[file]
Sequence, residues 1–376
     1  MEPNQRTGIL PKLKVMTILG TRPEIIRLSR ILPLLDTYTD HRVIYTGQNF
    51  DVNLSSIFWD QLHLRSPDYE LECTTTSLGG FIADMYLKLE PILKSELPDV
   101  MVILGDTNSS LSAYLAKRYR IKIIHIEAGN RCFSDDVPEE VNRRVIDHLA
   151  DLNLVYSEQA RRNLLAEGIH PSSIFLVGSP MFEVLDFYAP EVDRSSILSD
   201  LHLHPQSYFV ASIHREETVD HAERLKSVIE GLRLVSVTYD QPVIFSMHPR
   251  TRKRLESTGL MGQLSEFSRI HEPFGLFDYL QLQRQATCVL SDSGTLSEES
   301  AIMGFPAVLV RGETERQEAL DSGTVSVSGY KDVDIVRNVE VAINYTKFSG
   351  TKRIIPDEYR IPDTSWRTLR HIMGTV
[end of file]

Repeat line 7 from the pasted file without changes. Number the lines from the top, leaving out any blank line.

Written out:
   251  TRKRLESTGL MGQLSEFSRI HEPFGLFDYL QLQRQATCVL SDSGTLSEES